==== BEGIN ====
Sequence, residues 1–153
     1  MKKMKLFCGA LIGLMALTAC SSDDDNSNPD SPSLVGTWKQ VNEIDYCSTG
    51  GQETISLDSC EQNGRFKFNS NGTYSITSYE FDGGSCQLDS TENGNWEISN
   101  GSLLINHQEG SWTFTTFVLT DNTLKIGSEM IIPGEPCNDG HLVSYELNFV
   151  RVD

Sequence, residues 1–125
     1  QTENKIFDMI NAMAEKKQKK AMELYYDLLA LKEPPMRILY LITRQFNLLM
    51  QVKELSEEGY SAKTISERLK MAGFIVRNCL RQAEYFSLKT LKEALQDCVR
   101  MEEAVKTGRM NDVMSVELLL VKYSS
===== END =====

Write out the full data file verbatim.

Sequence, residues 1–153
     1  MKKMKLFCGA LIGLMALTAC SSDDDNSNPD SPSLVGTWKQ VNEIDYCSTG
    51  GQETISLDSC EQNGRFKFNS NGTYSITSYE FDGGSCQLDS TENGNWEISN
   101  GSLLINHQEG SWTFTTFVLT DNTLKIGSEM IIPGEPCNDG HLVSYELNFV
   151  RVD

Sequence, residues 1–125
     1  QTENKIFDMI NAMAEKKQKK AMELYYDLLA LKEPPMRILY LITRQFNLLM
    51  QVKELSEEGY SAKTISERLK MAGFIVRNCL RQAEYFSLKT LKEALQDCVR
   101  MEEAVKTGRM NDVMSVELLL VKYSS